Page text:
An epidural is a teeny tiny catheter -- about the size of a piece of fishing line -- that is inserted into your lower back and delivers numbing pain medication to your lower body. In 99 percent of epidurals, the same combination of drugs is used: Bupivacaine, which is a local anesthetic, meaning that it numbs the body at the site at which it's applied, and Fentanyl, a narcotic that blocks the ability for the nerves in your lower body to signal pain to your brain.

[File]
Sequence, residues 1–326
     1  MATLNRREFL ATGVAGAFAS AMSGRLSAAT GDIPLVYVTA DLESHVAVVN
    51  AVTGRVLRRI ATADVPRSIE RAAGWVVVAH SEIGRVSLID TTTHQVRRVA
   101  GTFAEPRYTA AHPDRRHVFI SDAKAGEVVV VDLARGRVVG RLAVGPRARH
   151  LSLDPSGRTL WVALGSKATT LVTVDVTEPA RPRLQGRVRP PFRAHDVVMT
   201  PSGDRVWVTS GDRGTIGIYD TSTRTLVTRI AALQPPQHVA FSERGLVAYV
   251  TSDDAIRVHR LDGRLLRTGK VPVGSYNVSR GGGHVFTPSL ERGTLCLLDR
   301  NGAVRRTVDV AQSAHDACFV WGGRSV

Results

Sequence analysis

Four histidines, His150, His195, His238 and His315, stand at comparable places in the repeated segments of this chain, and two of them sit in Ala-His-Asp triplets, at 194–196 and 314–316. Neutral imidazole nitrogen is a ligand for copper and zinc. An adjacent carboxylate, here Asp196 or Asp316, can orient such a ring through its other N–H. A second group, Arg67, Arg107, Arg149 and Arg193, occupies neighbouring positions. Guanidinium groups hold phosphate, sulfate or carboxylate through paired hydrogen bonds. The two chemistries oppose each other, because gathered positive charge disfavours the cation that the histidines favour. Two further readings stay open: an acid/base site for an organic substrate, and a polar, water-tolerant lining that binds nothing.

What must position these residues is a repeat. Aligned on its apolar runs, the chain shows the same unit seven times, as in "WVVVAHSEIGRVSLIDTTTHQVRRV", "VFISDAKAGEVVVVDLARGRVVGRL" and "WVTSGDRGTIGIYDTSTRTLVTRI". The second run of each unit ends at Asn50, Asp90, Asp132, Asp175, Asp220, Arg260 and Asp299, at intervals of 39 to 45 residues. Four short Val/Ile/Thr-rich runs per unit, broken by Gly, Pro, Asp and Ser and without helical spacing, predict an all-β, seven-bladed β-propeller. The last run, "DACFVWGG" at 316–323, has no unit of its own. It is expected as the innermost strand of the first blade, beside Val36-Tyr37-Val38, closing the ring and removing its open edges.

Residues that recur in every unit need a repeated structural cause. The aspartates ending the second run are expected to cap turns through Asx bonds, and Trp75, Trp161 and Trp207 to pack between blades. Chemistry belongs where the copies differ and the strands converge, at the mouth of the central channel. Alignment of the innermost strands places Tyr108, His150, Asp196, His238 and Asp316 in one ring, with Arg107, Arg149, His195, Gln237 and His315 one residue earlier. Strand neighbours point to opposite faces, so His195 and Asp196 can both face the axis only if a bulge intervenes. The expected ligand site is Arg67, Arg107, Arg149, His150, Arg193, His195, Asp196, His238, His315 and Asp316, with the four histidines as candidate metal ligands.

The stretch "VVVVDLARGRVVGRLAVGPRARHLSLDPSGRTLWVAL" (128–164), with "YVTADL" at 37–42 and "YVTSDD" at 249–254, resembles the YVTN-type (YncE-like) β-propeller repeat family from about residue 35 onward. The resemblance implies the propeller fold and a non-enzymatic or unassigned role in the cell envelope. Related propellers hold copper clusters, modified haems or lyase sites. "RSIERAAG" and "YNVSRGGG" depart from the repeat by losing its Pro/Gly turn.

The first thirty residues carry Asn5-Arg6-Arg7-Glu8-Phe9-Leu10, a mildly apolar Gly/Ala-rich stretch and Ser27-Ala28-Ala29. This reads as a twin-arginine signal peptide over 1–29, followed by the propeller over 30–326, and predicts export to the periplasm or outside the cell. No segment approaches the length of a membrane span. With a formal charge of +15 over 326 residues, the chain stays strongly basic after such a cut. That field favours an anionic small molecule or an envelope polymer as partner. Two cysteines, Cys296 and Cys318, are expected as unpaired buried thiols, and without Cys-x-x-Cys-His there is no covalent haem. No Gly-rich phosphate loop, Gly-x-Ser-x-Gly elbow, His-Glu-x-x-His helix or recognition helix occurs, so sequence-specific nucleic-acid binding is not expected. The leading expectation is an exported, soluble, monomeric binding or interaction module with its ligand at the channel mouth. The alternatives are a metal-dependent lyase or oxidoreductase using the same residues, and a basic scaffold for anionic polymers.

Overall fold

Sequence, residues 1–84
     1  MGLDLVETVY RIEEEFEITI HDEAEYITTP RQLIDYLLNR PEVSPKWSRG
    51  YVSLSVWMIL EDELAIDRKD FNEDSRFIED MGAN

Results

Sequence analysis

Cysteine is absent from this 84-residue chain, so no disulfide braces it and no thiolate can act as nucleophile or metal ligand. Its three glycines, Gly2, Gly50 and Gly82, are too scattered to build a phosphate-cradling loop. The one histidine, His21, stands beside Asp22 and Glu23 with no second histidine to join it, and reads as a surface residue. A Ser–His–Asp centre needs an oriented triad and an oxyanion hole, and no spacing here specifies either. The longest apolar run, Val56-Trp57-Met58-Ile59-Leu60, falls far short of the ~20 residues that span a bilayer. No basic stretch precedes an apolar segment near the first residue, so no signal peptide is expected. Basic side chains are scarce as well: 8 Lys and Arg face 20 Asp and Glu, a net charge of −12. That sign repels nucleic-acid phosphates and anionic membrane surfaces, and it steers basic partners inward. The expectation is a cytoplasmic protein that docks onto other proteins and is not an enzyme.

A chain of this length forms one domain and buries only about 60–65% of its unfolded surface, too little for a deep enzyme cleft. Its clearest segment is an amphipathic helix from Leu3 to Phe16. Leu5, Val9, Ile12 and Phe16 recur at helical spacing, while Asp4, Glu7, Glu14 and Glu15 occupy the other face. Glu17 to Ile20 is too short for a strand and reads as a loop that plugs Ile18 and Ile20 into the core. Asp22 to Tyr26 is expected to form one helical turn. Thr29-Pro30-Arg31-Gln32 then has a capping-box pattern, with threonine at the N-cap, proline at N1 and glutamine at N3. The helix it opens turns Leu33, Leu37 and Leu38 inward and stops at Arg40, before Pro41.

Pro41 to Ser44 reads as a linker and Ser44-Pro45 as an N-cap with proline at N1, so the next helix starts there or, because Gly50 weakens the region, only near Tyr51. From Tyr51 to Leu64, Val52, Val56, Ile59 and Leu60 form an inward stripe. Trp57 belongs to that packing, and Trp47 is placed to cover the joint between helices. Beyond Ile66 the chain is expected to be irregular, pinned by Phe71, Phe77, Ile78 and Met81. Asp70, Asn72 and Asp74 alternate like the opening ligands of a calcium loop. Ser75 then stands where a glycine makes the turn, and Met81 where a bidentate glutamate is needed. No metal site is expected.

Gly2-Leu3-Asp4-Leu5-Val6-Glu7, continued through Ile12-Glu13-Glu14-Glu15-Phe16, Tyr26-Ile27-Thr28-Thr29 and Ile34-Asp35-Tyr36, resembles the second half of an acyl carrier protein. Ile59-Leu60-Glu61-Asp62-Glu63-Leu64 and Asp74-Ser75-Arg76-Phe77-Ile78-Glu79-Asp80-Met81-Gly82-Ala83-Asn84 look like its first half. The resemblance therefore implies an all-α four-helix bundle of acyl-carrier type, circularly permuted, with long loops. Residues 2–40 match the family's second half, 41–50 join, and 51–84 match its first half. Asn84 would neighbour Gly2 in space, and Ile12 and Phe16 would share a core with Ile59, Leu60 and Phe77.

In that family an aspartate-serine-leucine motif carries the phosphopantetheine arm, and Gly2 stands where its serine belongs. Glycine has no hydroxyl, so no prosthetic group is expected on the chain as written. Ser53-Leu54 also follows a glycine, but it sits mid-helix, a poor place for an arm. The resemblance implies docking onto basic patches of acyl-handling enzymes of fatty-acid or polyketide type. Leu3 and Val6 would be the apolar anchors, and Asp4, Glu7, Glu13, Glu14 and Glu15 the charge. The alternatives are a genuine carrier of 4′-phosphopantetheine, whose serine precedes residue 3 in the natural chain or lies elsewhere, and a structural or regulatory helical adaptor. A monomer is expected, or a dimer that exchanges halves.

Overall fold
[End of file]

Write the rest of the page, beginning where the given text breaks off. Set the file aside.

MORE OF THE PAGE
The epidural itself only takes a few minutes. You'll either sit up or lie on your side, and will likely be asked to curl your back so that your spine is more visible. An anesthesiologist will clean off a spot on your lower back with a cold solution. Next, a small needle will be inserted into the spot -- this is to numb the skin where the catheter will go in. "This part stings for five to ten seconds, and it's the worst part of the whole thing," says Richard Siegenfeld, M.D., author of The Epidural Book: A Woman's Guide to Anesthesia for Childbirth. Finally, the catheter is inserted. You might feel slight pressure as it goes in, but it shouldn't hurt.